The first study to identify the composition of bacterial populations on the skin using a powerful molecular method. Not only were the bacteria more diverse than previously estimated, but some of them had not been found before,” stated Dr Martin J Blaser, Frederick King Professor and Chair of the Department of Medicine and Professor of Microbiology at New York University (NYU) School of Medicine.
According to Dr Blaser and his team, the skin, the largest organ in the human body, is a kind of zoo and some of the inhabitants are quite novel. Researchers in their study found evidence for 182 species of bacteria in skin samples. Eight percent were unknown species that had never before been described.
"The skin is home to a virtual zoo of bacteria," stated Dr Blaser. This study was published on February 5, 2007, in the online edition of the Proceedings of the National Academy of Sciences.
The researchers analyzed the bacteria on the forearms of six healthy subjects, three men and three women. According to Dr Blaser, this is essentially the first molecular study of the skin. He explained that the skin has been a terra incognita, an unknown world that he and his colleagues have set out to understand much like explorers.
In the new study, the researchers took swabs from the inner right and left forearms of six individuals picking the region halfway between the wrist and the elbow for its convenience. It is not where they wash their hands or undress. The researchers wanted to be able to compare two similar parts of the body. Because they also wanted to study change over time, they took swabs from four of the individuals eight to10 months after the first test.
The team used a powerful molecular method that involved extracting a subunit of genetic material called 16S ribosomal DNA from the samples to characterize the bacteria.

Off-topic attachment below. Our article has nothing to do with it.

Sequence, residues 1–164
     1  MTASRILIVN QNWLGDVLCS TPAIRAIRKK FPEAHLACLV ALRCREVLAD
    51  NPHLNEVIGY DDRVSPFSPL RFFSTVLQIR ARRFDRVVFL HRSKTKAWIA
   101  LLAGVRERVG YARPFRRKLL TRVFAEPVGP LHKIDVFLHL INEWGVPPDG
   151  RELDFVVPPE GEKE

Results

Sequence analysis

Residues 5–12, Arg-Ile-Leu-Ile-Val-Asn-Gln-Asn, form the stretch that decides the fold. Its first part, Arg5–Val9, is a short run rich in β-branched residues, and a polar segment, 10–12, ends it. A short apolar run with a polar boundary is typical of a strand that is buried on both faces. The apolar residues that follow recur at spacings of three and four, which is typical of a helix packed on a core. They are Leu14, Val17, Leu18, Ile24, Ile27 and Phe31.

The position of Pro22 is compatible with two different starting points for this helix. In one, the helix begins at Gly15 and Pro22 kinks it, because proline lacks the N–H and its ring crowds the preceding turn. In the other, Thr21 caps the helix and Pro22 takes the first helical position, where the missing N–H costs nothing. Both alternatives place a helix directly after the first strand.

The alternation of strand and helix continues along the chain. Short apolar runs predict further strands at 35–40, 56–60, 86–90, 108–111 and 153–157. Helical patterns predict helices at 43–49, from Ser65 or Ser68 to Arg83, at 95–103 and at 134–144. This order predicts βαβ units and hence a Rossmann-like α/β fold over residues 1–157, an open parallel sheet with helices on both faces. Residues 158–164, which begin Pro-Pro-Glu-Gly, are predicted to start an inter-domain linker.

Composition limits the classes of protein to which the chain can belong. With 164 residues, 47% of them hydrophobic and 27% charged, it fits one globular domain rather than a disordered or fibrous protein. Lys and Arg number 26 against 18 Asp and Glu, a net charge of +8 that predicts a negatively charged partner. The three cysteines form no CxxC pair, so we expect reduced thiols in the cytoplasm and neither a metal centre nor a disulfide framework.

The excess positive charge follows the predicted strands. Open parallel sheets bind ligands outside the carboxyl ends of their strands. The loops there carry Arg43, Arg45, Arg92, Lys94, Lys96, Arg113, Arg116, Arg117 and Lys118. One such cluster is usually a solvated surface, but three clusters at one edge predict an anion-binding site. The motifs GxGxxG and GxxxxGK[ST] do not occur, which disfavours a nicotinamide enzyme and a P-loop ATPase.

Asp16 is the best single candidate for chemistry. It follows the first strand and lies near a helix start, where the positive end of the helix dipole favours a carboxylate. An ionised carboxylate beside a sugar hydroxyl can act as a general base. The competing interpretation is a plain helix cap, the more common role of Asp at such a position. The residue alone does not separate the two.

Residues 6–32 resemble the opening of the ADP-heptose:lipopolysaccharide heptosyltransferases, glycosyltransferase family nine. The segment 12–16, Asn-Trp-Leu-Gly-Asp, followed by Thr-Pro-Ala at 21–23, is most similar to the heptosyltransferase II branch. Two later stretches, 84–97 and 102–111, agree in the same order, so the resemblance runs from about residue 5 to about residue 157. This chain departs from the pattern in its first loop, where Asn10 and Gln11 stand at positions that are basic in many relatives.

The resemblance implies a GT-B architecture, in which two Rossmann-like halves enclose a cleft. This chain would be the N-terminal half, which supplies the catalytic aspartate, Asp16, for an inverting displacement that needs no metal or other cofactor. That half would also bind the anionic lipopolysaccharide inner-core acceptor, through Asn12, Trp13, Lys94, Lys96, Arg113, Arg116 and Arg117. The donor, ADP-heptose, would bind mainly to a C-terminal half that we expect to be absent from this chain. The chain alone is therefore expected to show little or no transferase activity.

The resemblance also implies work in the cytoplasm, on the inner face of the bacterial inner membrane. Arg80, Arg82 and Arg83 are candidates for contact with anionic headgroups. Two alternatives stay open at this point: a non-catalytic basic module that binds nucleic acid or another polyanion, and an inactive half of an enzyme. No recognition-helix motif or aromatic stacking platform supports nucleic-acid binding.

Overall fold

Roughly half, or 54.4 perecnt, of the bacteria identified in the samples represented the genera Propionibacteria, Corynebacteria, Staphylococcus and Streptococcus, which have long been considered more or less permanent residents in human skin.
The six individuals differed markedly in the overall composition of the bacterial populations on their skin. They only had four species of bacteria in common: Propionibacterium acnes, Corynebacterium tuberculostearicum, Streptococcus mitis and Finegoldia AB109769. “This is a surprise,” exclaimed Dr Gao. “But many things affecting the skin affect bacteria, such as the weather, exposure to light, and cosmetics use.”
Almost three-quarters, or 71.4 percent, of the total number of bacterial species were unique to individual subjects, suggesting that the skin surface is highly diversified in terms of the bacteria it harbors, according to the study. Three bacterial species were only found in the male subjects: Propionibacterium granulosum, Corynebacterium singulare, and Corynebacterium appendixes. While the sample is too small to draw conclusions, the scientists believe that women and men may harbor some different bacterial species on their skin.
In each individual, the bacterial populations varied over time while revealing a core set of bacteria for each individual. “The predominant bacteria don't change much,” said Dr Gao. “But the more transient bacteria did change over time.” “That suggests that there is a scaffold of bacteria present in everybody's skin. Some stay and others come and go, added Dr Gao.”
The next step for the research team is to look at diseased skin. “We plan to ask the question: Are the microbes in diseased skin, in certain diseases like psoriasis or eczema, different than the microbes in normal skin?” stated Dr Blaser.
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